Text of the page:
裏- URA 原 - HARA

In an area of roughly four square blocks nestled between Harajuku and Aoyama stands as the birthplace of contemporary Japanese streetwear. Ura-hara, an abbreviation of "ura-Harajuku," literally translates to "the hidden Harajuku."

In the mid-'90s, these streets were lined with unassuming, often nameless boutiques, which drew inspiration from subcultural influences from realms like hip-hop and punk in the US and the UK, the sudden infusion of fresh ideas and creativity was exactly what Japan had been yearning for. The youth of Japan at the time shared their newfound fashion discoveries through word-of-mouth at school, on the streets, and at their favourite hangout spots

Boutiques started to spring up with stores like A Store Robot and Vintage King often being credited as the foundational pillars of the Ura-hara movement. These establishments redefined foreign cultures and ideologies, igniting sparks of creativity within the youth. These young individuals soaked up this rich cultural blend like sponges, This organic form of peer-to-peer advertising turned Tokyo's youth into a tight-knit community, where everyone was eager to discover where they could acquire the latest in contemporary streetwear.


The Ura-hara narrative continued with the emergence of NOWHERE, a boutique founded by the then-unknown duo, Jun "Jonio" Takahashi and Tomoaki Nagao, who later became widely known as NIGO. NOWHERE was unique in its enigmatic name and inconspicuous location, strategically designed to attract those in the know, relying solely on word-of-mouth recommendations for its recognition. Within NOWHERE, NIGO's section of the store became the cradle of A Bathing Ape, an iconic brand often regarded as the core and genesis of the Ura-hara movement.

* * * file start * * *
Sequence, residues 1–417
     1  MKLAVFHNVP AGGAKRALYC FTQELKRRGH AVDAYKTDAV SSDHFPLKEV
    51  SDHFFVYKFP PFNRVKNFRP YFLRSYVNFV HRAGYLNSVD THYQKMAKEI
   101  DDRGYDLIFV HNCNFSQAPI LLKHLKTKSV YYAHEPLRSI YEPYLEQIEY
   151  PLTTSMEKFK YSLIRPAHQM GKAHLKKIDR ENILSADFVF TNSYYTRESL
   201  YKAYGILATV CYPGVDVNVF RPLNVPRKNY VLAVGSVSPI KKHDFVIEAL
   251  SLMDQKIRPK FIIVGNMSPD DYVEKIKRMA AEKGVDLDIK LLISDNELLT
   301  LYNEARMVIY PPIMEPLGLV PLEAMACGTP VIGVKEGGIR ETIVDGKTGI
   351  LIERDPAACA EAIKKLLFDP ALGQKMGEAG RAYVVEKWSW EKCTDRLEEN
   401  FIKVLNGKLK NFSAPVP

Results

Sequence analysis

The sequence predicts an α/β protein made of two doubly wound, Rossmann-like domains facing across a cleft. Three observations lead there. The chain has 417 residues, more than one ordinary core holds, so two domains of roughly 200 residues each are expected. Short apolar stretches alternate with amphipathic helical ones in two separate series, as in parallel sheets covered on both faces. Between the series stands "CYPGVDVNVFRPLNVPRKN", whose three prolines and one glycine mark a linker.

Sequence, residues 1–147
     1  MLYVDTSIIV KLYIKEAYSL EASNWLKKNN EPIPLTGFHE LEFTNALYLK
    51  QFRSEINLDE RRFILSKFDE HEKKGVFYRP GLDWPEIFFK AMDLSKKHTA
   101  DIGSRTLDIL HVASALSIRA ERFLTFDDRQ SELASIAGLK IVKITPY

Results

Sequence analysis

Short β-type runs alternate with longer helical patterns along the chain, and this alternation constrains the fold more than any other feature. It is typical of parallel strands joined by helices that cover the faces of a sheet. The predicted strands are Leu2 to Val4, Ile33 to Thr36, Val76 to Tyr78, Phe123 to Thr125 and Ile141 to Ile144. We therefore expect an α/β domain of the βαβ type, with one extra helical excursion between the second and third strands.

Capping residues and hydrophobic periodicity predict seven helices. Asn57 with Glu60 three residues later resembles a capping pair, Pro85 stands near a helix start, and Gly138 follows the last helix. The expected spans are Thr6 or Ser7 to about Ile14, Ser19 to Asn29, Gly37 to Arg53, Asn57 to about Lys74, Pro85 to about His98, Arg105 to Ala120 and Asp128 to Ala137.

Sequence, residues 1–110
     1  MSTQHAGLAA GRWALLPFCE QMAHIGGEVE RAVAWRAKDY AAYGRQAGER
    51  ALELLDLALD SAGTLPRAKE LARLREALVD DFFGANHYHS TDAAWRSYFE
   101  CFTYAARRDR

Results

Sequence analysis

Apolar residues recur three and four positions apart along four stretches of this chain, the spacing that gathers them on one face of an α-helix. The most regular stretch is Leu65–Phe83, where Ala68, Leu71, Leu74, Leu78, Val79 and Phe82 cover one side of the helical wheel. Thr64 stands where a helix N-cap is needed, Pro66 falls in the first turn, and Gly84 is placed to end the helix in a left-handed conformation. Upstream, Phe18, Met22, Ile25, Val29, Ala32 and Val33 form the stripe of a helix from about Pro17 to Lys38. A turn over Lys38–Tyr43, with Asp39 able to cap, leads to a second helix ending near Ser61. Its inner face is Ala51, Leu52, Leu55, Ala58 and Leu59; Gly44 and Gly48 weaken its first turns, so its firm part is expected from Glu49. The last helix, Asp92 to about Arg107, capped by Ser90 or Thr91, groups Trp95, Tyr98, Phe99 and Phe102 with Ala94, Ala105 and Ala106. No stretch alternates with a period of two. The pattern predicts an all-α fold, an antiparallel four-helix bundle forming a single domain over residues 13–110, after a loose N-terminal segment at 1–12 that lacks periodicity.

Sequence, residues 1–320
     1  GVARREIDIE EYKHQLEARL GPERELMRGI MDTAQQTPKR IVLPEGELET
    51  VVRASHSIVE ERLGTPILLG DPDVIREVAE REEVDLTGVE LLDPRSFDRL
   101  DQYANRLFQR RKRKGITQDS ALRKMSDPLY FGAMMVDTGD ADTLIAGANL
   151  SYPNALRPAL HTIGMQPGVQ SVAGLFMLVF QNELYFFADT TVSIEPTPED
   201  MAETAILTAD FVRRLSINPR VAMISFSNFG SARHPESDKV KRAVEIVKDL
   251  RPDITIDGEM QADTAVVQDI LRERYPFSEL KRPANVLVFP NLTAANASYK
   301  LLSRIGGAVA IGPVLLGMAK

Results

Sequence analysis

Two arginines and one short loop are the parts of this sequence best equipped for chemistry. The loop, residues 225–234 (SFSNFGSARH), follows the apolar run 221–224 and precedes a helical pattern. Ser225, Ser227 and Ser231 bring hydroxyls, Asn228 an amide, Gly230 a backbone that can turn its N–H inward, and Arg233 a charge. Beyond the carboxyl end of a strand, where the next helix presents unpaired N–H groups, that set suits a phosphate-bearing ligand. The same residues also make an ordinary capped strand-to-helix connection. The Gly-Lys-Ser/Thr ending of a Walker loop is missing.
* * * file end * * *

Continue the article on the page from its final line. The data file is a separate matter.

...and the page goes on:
Ura-hara evolved into a vibrant epicenter of fashion innovation, enthusiatically embraced by its dedicated youth following. The ‘high quality, low numbers’ approach to manufacturing meant sought after items were increasingly hard to buy, these products subsequently being referred to as "grails” a trait that remains to this day.


What set these products apart and what made Ura-hara so groundbreaking? There are many answers, but predominantly the infusion of creativity and the reinterpretation of foreign and domestic cultures. Captivated the Japanese youth, inspired by the products crafted by individuals who possessed an intimate understanding of global cultures and could offer a fresh perspective. Additionally, the Ura-hara movement tapped into a sense of patriotism, similar to the patriotic pride Americans have for "Made in USA" products. Ura-hara brands adeptly translated and adapted global trends from London and New York for the Japanese audience, making them relatable and appealing to the youth.


At URAHARA, we are devoted to building on the rich legacy of the Ura-hara movement, The core brands we carry are deeply connected with pioneering labels such as Neighborhood, WTAPS, Bounty Hunter & Tenderloin often sharing members and collaborating on projects with RATS creative director Katsutada Mano famously being responsible for many of the early connections when he opened the iconic HIDE AND SEEK bar in the early 90's.


In recent years, brands such as Radiall, Liberaiders & Trophy Clothing are flying the flag for the underground streetwear movement and continuing the legacy of those that came before them. URAHARA represents more than just a store; it's a celebration of an unwavering quest for uniqueness and the fusion of international influences that defined the original movement. We embrace the spirit of Ura-hara and aspire to inspire a new generation of fashion enthusiasts while paying tribute to the enduring influence of those who came before us. 


Shop Urahara:

Featuring pieces Radiall, Liberaiders, Rats and Tebnbox; brands that pay homage to the Ura-Hara movement.

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